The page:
Thursday, 25 April 2019 21:35

Fleas, Ticks and Heartworm

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Fleas, Ticks and Heartworm



The arrival of spring brings many beautiful flowers and blossoms on the trees. Unfortunately, the warm weather also beckons the emergence of fleas, ticks and mosquitoes. These insects pose health risks to people as well as dogs and cats. 

• Fleas suck blood from pets and can cause anemia, a decrease in the body’s red blood cell count.

• When a flea takes a blood meal, flea saliva is transferred into the host’s body. It is the flea saliva that causes an allergic response and severe itchiness experienced by some dogs and cats. 

• Fleas can also transmit tapeworms to dogs and cats and cause feline infectious anemia. 


Ticks also carry several infectious diseases that pose a threat to pets. 

• Lyme disease is the most common illness transmitted by ticks. 

• Dogs are most commonly affected by Borrelia burgdorferi, the bacterial agent that causes Lyme disease, but cats, cattle and horses can also be affected.

• People can become very ill from Lyme disease.

• Lyme disease is very common in our area and the northeastern United States. It is also found in Wisconsin, Minnesota and parts of California. A recently  published study has shown the spread of Lyme disease in states previously at lower risk such as Illinois, Iowa, Virginia, Ohio and Michigan.  Patterns of Lyme infection in dogs serves as an important warning system for people.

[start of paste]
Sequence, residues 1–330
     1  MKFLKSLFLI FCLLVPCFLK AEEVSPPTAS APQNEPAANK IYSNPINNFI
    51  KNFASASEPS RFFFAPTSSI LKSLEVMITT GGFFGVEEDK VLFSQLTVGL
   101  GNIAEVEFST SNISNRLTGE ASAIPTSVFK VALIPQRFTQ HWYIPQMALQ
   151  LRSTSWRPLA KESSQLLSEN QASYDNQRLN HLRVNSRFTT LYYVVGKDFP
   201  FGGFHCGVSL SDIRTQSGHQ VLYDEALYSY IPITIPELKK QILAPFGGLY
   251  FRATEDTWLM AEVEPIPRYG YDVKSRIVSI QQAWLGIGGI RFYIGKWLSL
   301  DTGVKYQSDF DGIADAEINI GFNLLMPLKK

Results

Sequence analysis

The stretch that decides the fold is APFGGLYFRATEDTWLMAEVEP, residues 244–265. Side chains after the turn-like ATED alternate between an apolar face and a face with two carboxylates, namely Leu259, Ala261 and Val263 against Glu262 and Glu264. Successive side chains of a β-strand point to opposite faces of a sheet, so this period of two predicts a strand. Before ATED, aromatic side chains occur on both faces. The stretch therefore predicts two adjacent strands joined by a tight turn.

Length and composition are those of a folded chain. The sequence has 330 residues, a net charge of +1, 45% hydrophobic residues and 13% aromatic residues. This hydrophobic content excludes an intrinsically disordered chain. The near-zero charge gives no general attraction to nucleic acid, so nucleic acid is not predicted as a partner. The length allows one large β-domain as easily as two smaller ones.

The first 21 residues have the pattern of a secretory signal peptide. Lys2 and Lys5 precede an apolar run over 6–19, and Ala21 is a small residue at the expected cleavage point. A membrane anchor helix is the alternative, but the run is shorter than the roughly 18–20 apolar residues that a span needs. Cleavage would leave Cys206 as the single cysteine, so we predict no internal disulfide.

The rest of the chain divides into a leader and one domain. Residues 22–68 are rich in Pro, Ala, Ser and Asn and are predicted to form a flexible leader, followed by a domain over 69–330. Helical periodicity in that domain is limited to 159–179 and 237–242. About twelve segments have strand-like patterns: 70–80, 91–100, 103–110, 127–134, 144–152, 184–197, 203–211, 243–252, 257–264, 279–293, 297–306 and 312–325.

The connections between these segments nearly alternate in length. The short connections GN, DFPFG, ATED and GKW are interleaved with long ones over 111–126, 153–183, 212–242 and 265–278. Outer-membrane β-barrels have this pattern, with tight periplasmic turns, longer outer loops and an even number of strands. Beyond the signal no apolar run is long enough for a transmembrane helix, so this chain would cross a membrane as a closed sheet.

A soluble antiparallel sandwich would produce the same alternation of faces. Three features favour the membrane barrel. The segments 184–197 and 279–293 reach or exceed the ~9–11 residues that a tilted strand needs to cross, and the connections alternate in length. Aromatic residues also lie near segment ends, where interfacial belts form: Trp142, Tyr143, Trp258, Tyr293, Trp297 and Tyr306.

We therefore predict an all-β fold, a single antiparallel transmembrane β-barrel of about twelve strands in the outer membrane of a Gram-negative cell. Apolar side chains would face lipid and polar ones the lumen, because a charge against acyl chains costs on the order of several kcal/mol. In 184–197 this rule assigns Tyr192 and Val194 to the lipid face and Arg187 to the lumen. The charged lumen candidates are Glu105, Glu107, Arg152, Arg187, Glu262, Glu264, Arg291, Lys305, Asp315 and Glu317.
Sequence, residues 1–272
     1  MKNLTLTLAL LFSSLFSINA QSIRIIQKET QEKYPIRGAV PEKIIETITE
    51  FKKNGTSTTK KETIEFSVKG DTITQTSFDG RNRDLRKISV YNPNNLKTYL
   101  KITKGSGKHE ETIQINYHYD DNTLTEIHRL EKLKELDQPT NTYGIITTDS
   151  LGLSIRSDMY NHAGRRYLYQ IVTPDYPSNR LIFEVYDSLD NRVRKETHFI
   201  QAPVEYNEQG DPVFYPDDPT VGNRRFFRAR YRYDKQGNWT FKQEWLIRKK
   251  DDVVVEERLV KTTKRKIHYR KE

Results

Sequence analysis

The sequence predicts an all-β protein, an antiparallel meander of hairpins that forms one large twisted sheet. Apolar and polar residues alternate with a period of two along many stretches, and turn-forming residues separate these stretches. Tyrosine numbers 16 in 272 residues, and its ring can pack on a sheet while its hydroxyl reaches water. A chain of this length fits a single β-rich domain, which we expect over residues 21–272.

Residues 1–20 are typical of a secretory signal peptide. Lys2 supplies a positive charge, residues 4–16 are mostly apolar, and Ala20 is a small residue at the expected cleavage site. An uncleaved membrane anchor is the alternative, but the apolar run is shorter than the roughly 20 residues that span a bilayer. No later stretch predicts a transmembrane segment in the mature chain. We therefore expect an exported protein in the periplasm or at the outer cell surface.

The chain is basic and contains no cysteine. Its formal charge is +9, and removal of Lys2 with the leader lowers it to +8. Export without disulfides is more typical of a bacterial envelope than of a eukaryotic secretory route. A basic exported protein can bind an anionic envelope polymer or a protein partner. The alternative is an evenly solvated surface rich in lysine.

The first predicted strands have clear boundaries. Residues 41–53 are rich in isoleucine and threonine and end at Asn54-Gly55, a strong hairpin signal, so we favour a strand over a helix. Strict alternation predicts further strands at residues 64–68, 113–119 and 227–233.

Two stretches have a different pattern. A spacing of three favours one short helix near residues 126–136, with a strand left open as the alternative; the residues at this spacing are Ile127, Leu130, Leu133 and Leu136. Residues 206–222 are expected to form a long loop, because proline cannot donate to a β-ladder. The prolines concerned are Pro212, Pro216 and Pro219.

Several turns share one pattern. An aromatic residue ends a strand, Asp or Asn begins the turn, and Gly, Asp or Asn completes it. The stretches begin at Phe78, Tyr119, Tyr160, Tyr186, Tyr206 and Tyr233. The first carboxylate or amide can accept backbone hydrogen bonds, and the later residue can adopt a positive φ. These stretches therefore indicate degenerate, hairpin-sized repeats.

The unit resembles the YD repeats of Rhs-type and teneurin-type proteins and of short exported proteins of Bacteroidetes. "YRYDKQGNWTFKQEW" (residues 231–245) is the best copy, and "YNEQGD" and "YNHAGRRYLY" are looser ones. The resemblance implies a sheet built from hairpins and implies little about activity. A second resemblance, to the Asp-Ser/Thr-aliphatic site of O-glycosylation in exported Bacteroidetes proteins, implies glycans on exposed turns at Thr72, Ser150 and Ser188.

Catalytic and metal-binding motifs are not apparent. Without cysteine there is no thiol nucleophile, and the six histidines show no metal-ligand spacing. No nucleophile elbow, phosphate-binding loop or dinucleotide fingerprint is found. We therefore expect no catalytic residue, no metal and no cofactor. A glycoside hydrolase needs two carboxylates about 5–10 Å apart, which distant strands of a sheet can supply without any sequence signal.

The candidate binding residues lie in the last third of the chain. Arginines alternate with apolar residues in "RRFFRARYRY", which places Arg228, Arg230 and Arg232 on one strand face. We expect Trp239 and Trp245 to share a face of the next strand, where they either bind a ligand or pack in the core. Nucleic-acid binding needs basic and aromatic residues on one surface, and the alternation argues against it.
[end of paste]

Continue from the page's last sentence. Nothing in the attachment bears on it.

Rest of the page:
• Animals such as the white footed mouse and white tailed deer carry Borrelia burgdorferi, but do not become ill. 

• When a tick feeds on these wildlife, it picks up the bacteria. The tick then bites a dog or person and transmits the bacteria. 

• The tick must be attached for at least 24 hours in order to pass the bacteria. 

• Dogs cannot pass Lyme disease to people or other dogs; only ticks can transmit the disease.

• If your dog tests positive for Lyme disease, family members should consult their doctors since both the family and dog share the same environment

• Once a dog is bitten by a tick carrying Borrelia burgdorferi, it becomes “Lyme positive.” This does not mean it has Lyme disease, just that there has been exposure indicated by a blood test. 

• From the time a dog is exposed to the Lyme agent, it can take several months before any symptoms are seen. 

The typical clinical signs of Lyme disease in dogs include:

• Lameness

• Swollen joints

• Fever

• Lethargy/depression

• Decreased appetite

The good news is that most dogs exposed to Borrelia burgdorferi do not develop Lyme disease. It is also favorable that dogs symptomatic for Lyme disease recover very quickly once antibiotics are started. There is a small percentage of dogs, however, that have persistent joint problems or suffer kidney damage related to Lyme disease. 

Besides Lyme disease, ticks can also cause diseases such as Anaplasmosis, Ehrlichiosis, and Rocky Mountain Spotted Fever. These diseases cause similar symptoms to Lyme and are also treated with antibiotics.